Joseph Jewelry Guide
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Diamonds

Diamond Shapes

The shape of a diamond refers to the actual geometrical shape of the stone. Unlike the "Five C's", shape is much more about personal preference than it is a standard for judging the attributes of your potential purchase. While the "Five C's" are all about quality, shape is all about style.

1. Round – The most popular of all shapes, this cut has unparalleled brilliance. The way it refracts light makes a round diamond appear brighter than one of a different shape with similar clarity and color.

2. Oval – The oval cut is most similar to the round in terms of brilliance. Its elongated shape is universally flattering as it makes fingers look longer and more slender.

3. Square – Square diamonds are a relatively new. They are popular in solitaire designs or as a main stone flanked by smaller side stones. Square diamonds are particularly efficient stones in that they preserve roughly 60% of the original rough. Due to the unique way square diamonds are cut and polished, any inclusions they contain can be easily masked by a skilled craftsman.

4. Rectangle – Rectangles are very similar to square or "princess" cuts, but with a different length to width ratio. Like ovals, the elongated shape flatters the hand.

5. Pear – Also referred as "drop cut" or "tear drop" diamonds, pear shapes are known for their elegance. Pear diamonds combine the brilliance of a round stone with a unique shape that makes fingers appear more tapered.

6. Marquise – The story is that this classic shape dates back to France's King Louis XIV, who had it specially made to resemble the smile of his mistress, Marquise de Pompadour. This elongated boat cut is shaped to maximize carat weight, and can feature as many as 58 dazzling facets.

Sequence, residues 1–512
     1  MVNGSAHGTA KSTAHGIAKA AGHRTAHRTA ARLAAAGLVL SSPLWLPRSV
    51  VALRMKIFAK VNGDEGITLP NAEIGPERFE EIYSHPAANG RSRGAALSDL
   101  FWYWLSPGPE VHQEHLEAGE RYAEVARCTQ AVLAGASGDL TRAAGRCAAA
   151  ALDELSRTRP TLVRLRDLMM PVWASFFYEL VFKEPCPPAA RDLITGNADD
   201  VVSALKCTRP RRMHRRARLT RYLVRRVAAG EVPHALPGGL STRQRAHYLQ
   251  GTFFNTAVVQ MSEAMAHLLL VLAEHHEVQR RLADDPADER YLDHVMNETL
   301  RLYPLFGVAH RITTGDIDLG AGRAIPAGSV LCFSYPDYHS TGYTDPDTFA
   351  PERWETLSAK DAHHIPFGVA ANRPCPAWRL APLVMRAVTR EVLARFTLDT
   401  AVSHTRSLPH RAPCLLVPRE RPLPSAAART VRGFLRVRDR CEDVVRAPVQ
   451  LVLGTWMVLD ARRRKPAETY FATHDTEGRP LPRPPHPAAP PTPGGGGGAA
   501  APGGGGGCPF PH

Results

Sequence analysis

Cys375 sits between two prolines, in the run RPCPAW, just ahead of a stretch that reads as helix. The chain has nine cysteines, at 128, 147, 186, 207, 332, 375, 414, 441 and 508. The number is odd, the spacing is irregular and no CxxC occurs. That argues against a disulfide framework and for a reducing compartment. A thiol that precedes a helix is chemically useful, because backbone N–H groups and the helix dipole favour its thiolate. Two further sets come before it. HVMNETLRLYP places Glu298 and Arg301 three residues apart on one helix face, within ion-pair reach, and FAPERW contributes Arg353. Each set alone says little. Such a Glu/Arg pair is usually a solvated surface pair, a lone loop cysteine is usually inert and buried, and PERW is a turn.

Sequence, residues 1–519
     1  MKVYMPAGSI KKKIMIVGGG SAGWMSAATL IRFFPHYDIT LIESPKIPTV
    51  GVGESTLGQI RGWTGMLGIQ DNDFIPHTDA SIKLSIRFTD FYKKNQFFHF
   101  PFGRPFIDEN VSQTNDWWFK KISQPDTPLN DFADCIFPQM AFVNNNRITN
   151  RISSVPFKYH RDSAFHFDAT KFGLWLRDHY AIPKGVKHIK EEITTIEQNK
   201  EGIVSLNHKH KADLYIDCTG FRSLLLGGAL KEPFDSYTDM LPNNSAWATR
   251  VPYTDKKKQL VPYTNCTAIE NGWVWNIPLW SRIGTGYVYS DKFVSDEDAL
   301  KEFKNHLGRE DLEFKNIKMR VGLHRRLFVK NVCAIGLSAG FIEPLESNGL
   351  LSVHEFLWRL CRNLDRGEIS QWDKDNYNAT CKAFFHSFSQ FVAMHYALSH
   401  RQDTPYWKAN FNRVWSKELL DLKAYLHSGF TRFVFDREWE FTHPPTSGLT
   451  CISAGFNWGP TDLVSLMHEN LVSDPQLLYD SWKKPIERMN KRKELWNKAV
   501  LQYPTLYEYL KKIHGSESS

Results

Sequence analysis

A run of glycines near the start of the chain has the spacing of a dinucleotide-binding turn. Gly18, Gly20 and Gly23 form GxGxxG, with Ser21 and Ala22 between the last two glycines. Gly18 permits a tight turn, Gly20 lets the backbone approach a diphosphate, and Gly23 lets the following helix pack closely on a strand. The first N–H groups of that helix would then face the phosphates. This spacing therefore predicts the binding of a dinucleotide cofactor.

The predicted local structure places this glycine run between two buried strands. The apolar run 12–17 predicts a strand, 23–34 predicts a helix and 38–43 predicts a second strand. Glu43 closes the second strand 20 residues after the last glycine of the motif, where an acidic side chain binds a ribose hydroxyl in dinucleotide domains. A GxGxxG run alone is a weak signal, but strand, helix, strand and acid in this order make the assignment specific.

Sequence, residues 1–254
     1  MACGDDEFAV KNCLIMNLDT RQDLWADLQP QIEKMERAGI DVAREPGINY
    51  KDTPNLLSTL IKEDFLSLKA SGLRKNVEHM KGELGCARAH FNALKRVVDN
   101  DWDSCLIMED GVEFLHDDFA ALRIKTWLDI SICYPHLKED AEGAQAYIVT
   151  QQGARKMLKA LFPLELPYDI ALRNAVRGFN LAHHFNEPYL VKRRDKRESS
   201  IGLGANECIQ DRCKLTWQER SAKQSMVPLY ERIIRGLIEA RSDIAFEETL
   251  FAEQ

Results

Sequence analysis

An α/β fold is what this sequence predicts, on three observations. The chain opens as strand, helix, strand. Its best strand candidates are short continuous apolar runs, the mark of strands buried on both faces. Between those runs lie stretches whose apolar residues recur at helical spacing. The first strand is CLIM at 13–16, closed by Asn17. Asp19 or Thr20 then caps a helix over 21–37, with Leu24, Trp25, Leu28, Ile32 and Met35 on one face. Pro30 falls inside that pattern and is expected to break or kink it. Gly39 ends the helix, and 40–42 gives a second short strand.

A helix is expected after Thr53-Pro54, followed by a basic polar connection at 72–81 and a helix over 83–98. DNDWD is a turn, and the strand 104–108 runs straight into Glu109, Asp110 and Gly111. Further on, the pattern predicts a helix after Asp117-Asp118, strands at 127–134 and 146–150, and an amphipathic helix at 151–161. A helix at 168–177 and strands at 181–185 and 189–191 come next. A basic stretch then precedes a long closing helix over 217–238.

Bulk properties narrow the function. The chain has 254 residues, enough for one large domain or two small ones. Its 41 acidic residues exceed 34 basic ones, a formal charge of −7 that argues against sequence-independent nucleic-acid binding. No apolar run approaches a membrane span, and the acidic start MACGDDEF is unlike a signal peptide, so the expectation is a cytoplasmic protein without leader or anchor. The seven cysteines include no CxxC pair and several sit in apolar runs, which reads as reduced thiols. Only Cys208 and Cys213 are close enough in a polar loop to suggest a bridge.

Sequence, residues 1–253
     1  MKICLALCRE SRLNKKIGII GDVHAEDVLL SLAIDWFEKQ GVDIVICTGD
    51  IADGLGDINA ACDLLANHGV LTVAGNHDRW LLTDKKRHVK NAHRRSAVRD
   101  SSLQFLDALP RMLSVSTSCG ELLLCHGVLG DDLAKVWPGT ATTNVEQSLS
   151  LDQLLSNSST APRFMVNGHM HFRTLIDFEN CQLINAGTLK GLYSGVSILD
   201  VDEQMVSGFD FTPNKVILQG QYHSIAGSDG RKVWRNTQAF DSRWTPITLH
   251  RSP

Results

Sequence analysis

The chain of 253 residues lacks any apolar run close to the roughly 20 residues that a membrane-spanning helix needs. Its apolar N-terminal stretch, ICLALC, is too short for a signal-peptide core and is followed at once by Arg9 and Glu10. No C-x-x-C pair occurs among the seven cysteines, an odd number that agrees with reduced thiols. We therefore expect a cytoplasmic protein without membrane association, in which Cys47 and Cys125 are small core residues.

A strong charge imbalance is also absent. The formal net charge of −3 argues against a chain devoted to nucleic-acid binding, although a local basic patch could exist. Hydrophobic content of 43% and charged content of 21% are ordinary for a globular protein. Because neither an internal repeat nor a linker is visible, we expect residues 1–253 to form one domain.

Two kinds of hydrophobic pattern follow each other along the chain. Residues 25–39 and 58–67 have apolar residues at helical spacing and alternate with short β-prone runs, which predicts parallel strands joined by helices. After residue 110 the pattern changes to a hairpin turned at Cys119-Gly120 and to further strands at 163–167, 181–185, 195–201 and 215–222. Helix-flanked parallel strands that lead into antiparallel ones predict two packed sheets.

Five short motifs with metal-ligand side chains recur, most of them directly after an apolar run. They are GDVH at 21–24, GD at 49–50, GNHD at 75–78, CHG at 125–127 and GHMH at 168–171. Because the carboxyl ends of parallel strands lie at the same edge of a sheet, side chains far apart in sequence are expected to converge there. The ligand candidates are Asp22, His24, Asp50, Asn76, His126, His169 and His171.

7. Triangle – Triangle cuts, otherwise known as trilliants, are most often used as side stones to flank a larger middle diamond, but for someone in search of a more unique engagement ring, they can make a stunning centerpiece all on their own. This fiery brilliant cut can have pointed or rounded edges and, in its preferred form, is equilateral (equal length on all sides).

8. Baguette – The baguette cut diamond resembles the French bread for which it was named – long and narrow, albeit more square at the ends than the actual baked goods. Originally used in costume jewelry popular in the Art Deco and Art Noveau movements of the early 1900's, this stone's clean, geometric lines remain popular today. Baguettes generally come in smaller sizes, making them perfect for use as accent stones. Unlike rounded shapes, they can be set side by side with no gap, creating a gorgeous unbroken stretch of diamond that is truly breathtaking.

9. Kite – More often seen in necklace pendants and earrings, kite diamonds are great accent stones. They can also be combined into designs that would be far more expensive if they were made out of one large diamond. A star shape, for instance, can be made using five different kite shapes whose points meet in the middle.

10. Trapeze – Trapeze cut diamonds look like triangles with the points cut off. They are perfect for flanking center diamonds, and by cutting them in either a brilliant or step-cut style to match the stone they're accenting, they can create the illusion of one larger stone.

11. Heart – For obvious reasons, heart shaped diamonds are considered the most romantic. Generally cut with 59 triangular and kite shaped facets, heart shapes catch the light dramatically. This shape is also a great way for a cutter to hide a diamond's inclusions and the cleft at the top is perfect for excising a blemish without sacrificing carat weight.

12. Hexagon – This is a six-sided shape that can be brilliant or step-cut and features heavily as a center stone or in graduate shapes for multi-stone engagement rings.

13. Octagon – An octagon is similar to a hexagon, but with eight sides. An Asscher cut diamond, named after renowned diamond cutter Joseph Asscher, is a modified octagon that resembles a rectangle with its corner points squared off. This cut makes imperfections more visible so it is best to choose an octagon-shaped diamond with superior clarity.

14. Barrel – The unique shape of barrel cut diamonds make them ideal for pairing with other precious stones in multi-stone designs.

Diamond Shapes